Objectives: Paralysis of the diaphragm is an uncommon condition, which may result in dyspnoea on excertion and in orthopnea. In patients who have symptoms, the paralysed diaphragm is often plicated to prevent its paradoxical movement on inspiration. This procedure brings relief to many patients, but the mechanism for this improvement is not well understood. Methods: Nine symptomatic patients who underwent plication of a unilateral paralysed hemidiaphragm were prospectively evaluated. All patients underwent pulmonary function tests and cardiopulmonary exercise tests before surgery and repeated them after surgery. Results: Patients with hemidiaphragm paralysis before surgery were found to have lower tidal volumes at any given ventilation rate during exercise than normal subjects. A clear and consistent change was found in the manner in which patients increased their ventilation during exercise after surgery. All patients showed an increase in tidal volume for a given ventilation rate, which was significant. The plication procedure reduced the respiratory rate for any exercise level in all patients, and this effect was more pronounced during exercise. Conclusions: In patients with hemidiaphragm paralysis who underwent a diaphragm plication exercise, tidal volumes increased and the ventilatory frequency decreased. Despite this improvement, maximal exercise capacity remained unaltered.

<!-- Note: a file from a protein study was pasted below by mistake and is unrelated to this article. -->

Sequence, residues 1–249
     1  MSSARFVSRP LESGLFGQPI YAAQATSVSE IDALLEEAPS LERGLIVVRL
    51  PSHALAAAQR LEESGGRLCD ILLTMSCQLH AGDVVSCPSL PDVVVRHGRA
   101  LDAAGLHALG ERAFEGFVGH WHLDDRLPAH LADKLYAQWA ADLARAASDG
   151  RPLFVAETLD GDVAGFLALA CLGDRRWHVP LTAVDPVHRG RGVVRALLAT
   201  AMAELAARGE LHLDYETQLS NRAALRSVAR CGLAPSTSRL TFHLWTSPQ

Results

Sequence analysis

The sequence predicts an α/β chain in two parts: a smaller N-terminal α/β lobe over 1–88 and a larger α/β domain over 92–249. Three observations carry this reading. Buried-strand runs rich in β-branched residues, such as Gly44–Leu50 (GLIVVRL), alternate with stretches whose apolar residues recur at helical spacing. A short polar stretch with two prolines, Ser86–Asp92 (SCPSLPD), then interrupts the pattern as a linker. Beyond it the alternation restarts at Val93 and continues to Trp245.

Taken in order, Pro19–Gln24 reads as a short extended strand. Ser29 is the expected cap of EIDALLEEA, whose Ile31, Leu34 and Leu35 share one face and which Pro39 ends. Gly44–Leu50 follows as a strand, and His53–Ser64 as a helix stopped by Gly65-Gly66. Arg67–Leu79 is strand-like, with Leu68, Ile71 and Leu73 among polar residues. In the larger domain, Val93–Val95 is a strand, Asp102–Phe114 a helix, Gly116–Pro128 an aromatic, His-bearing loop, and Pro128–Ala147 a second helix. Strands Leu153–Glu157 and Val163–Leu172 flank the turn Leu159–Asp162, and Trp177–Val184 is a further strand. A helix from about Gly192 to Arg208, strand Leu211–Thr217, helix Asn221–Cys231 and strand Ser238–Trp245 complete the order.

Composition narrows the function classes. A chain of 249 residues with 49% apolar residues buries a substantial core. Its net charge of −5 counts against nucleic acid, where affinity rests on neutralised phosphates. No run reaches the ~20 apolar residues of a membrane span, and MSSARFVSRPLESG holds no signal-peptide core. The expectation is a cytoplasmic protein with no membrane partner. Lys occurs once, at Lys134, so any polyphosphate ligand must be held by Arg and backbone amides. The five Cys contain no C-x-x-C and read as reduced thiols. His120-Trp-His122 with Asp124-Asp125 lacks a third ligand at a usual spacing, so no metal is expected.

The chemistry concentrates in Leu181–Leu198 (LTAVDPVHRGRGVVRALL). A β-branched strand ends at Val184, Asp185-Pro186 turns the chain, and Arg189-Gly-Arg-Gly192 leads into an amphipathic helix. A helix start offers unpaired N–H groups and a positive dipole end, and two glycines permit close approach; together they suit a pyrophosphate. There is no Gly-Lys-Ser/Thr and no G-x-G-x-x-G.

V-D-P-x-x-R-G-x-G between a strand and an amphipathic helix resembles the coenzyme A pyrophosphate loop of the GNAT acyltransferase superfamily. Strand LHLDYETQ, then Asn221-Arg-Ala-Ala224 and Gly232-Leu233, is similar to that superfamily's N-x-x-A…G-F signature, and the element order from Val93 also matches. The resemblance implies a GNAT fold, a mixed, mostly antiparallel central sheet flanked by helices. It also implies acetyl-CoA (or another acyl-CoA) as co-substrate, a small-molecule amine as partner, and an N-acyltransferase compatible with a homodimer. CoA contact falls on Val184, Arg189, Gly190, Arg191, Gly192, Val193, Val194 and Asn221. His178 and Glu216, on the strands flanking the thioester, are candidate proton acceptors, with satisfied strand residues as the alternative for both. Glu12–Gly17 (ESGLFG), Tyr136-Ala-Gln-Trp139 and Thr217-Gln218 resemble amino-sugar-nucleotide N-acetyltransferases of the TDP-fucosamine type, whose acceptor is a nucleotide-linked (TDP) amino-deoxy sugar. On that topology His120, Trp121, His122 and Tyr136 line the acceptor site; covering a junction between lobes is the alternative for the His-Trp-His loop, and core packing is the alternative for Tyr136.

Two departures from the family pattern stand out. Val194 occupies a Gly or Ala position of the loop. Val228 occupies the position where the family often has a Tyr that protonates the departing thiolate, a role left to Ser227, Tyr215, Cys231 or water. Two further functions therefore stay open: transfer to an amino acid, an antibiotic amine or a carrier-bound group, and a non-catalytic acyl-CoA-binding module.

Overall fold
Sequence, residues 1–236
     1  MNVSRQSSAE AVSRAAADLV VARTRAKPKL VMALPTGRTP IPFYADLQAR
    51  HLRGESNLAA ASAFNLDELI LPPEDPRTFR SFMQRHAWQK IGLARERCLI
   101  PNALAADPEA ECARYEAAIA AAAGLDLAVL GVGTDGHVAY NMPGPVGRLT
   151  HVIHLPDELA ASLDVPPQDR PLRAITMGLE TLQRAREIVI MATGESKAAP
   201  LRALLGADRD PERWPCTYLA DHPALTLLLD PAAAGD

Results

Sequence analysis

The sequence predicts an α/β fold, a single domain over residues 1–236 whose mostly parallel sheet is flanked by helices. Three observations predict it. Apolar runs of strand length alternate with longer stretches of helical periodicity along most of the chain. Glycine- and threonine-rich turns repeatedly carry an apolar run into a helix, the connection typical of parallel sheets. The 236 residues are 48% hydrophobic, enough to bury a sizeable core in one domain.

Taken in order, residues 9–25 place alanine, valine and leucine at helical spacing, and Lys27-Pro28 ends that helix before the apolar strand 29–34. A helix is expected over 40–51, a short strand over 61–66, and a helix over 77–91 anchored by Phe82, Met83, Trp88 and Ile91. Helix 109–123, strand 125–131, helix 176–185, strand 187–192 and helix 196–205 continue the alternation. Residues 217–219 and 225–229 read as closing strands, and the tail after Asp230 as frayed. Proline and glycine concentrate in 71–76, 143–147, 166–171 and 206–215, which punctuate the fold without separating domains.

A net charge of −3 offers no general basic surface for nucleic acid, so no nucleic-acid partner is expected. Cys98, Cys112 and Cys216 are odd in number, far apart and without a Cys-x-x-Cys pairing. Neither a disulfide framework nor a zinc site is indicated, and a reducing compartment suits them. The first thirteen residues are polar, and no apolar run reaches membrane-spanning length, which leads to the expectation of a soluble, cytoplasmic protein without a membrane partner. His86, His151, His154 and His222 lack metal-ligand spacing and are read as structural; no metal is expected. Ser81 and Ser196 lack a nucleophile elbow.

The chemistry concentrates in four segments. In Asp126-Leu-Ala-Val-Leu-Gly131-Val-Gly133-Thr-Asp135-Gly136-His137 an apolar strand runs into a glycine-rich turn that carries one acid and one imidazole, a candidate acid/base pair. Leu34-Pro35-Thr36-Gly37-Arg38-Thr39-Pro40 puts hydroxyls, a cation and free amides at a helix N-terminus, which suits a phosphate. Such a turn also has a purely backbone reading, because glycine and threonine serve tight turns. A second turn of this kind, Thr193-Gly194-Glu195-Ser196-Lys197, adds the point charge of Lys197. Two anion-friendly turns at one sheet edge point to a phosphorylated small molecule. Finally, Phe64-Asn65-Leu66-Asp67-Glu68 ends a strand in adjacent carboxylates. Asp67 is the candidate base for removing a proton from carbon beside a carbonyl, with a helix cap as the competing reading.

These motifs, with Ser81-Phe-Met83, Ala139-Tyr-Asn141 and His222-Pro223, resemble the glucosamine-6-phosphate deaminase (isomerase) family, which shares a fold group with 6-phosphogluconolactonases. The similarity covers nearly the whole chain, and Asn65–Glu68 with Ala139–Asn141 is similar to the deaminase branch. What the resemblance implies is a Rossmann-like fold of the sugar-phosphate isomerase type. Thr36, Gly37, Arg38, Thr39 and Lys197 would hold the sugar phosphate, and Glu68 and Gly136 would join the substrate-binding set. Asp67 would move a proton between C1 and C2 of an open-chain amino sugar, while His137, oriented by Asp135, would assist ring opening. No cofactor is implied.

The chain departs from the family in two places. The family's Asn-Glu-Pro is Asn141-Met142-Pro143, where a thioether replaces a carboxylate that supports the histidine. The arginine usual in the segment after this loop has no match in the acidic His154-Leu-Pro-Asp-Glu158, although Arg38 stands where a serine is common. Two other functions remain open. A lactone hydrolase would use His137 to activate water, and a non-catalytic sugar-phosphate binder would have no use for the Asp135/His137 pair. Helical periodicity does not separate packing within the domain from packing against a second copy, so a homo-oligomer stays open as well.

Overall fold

- Cardiopulmonary exercise tests
ASJC Scopus subject areas
- Pulmonary and Respiratory Medicine
- Cardiology and Cardiovascular Medicine